Ninety-eight years ago today, the illness of a child put off a golden wedding anniversary celebration.  The Andes Recorder reported that "Ralph, the 10-year-old son of James Mabon was operated upon Friday, December 17, 1920, at Delhi for appendicitis.  Because of his illness, the celebration of his grandparents 50th anniversary (James and Ellen Mabon), scheduled for December 21, was postponed."

120 years ago this afternoon, December 18, 1898, Mrs. Charles F. Smith died at the age of 90.  The Andes Recorder, when reporting her death, noted that "Her maiden name was Christina Lamont and she came to this town [Bovina] over 40 years ago.  She was an excellent woman, a good neighbor; always cheerful and she will be missed in this community as well as in her home.  On Tuesday the funeral was held, the sermon being preached by Rev. Samson, and the interment was in the Bovina cemetery."

141 years ago today, on December 19, 1877, the Bovina Methodist Episcopal Church reopened after having been closed for repairs.  There was a sermon at 11, a reunion service held at 2:30 and another sermon at 7 pm.  When the church issued a notice for this service, the Andes Recorder included the following:  "We would earnestly commend to the attention of those in this vicinity the services above announced.  They will be very interesting, and profitable to all who may attend. Revs. A.K. Sanford and J.E. Gorse are earnest warm-hearted Christian men, and the service conducted by them, and stamped with Divine approval will be blessed for good. The church societies of the towns surrounding will, we hope, take a warm interest in this meeting, and encourage the Brushland M.E. Society by their presence and means.  'The liberal soul shall be made fat; and he that watereth, shall be watered also himself.'" The church was located across from where the Bovina Community Hall now stands.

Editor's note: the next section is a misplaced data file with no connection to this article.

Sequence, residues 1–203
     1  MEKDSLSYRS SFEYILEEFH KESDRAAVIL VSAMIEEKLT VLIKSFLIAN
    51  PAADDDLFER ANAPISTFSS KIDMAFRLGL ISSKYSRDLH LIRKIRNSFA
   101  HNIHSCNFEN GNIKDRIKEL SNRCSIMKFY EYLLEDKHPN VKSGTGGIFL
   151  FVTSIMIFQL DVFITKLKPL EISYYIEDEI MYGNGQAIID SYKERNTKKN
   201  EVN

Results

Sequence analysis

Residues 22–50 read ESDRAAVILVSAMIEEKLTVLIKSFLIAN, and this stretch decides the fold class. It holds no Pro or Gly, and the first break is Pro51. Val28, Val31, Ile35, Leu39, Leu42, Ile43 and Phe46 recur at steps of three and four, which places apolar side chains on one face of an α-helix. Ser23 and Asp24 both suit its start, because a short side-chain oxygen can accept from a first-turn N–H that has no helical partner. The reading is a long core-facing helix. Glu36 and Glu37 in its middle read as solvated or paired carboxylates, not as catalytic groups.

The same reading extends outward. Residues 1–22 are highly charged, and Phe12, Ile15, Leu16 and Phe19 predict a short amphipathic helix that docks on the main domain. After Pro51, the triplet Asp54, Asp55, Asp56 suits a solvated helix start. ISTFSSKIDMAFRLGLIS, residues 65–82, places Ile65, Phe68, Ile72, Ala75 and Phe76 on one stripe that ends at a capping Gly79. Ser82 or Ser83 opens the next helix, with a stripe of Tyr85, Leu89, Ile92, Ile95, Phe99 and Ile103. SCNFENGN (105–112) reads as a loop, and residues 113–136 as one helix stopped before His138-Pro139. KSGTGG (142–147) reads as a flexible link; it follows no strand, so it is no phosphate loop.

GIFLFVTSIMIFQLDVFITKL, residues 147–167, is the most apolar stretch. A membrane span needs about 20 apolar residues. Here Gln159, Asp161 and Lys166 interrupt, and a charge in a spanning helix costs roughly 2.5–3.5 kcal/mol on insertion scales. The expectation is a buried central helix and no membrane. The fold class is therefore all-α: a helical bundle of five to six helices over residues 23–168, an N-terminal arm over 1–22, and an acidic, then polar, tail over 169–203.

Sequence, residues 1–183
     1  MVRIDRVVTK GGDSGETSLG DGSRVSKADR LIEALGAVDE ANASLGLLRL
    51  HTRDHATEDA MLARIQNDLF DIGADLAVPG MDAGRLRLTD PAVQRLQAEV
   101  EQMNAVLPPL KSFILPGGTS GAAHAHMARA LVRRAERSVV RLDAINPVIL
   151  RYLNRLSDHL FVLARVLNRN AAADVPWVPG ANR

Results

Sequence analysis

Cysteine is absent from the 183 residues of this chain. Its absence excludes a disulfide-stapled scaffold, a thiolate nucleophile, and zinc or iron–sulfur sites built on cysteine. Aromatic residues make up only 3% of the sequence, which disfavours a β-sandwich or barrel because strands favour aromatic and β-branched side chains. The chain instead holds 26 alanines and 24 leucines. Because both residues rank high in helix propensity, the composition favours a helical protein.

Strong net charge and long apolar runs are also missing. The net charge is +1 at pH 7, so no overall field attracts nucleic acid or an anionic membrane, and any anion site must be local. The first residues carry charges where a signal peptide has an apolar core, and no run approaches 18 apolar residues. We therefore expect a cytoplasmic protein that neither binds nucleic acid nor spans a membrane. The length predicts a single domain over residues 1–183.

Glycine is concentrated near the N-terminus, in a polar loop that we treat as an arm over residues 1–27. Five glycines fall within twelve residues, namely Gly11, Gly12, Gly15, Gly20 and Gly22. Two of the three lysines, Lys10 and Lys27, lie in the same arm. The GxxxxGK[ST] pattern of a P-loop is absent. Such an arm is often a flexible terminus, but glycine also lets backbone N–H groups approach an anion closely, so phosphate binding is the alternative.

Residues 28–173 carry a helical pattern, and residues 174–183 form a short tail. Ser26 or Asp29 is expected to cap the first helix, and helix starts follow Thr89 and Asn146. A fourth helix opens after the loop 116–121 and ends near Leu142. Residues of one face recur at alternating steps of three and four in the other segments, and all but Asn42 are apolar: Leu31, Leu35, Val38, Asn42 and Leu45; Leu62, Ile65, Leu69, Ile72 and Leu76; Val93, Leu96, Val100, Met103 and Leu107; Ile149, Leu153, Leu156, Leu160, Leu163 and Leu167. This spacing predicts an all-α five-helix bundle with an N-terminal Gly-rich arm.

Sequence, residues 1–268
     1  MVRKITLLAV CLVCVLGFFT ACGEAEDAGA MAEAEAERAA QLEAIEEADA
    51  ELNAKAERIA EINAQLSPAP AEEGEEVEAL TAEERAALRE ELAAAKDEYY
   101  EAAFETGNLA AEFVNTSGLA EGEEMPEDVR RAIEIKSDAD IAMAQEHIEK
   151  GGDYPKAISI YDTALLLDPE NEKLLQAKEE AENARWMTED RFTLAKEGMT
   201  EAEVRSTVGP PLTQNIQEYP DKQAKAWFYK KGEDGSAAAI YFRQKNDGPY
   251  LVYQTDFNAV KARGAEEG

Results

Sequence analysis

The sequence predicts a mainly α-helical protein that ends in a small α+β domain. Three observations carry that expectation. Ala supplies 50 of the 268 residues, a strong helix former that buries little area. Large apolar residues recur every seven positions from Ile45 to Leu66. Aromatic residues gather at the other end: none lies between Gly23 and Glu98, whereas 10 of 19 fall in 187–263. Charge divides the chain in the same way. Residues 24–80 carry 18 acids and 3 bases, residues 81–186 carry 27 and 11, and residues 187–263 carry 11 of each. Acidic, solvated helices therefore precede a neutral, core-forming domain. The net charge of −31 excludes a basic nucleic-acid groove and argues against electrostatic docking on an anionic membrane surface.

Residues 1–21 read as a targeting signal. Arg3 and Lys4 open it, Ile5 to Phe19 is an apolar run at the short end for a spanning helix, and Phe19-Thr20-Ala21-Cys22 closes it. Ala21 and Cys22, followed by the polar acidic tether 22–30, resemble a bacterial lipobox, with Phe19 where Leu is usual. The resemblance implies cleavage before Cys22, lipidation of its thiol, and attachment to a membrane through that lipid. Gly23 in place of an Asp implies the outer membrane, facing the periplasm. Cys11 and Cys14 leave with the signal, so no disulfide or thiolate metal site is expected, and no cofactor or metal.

John Walter Blair was born 152 years ago today on December 20, 1866, the son of James and Hannah Blair. He married Lib Miller in 1889. They farmed in Bovina for many years. John was killed in August 1945 when his team of horses ran away with him. He was dragged by the horses and fatally injured when his head struck a rock. He is buried in Bovina.

205 years ago today, on December 21, 1813, Joel Brush, son of early Bovina pioneer Alexander Brush and Nancy Griffith Brush, died. He is buried in the Brush cemetery next to the library. Born in 1786, he was married to Elizabeth Maynard, daughter of another early Bovina pioneer. They had two children before his untimely death at the age of 27.

Ninety-six years ago today, the December 22, 1922 Bovina column of the Andes Recorder reported that "There will be no more Sabbath evening meetings at the United Presbyterian church until coal is more plenty."

Eighty-three years ago today, December 23, 1935, as later reported in the Catskill Mountain news, "The community Christmas tree was held in the hall…with the different schools furnishing the entertainment."

This Bob Wyer picture of Marjorie Russell in the basement of the United Presbyterian Church was taken in March 1956 at the wedding of Norma Burns and Fred Phillips. Image courtesy of the Delaware County Historical Association.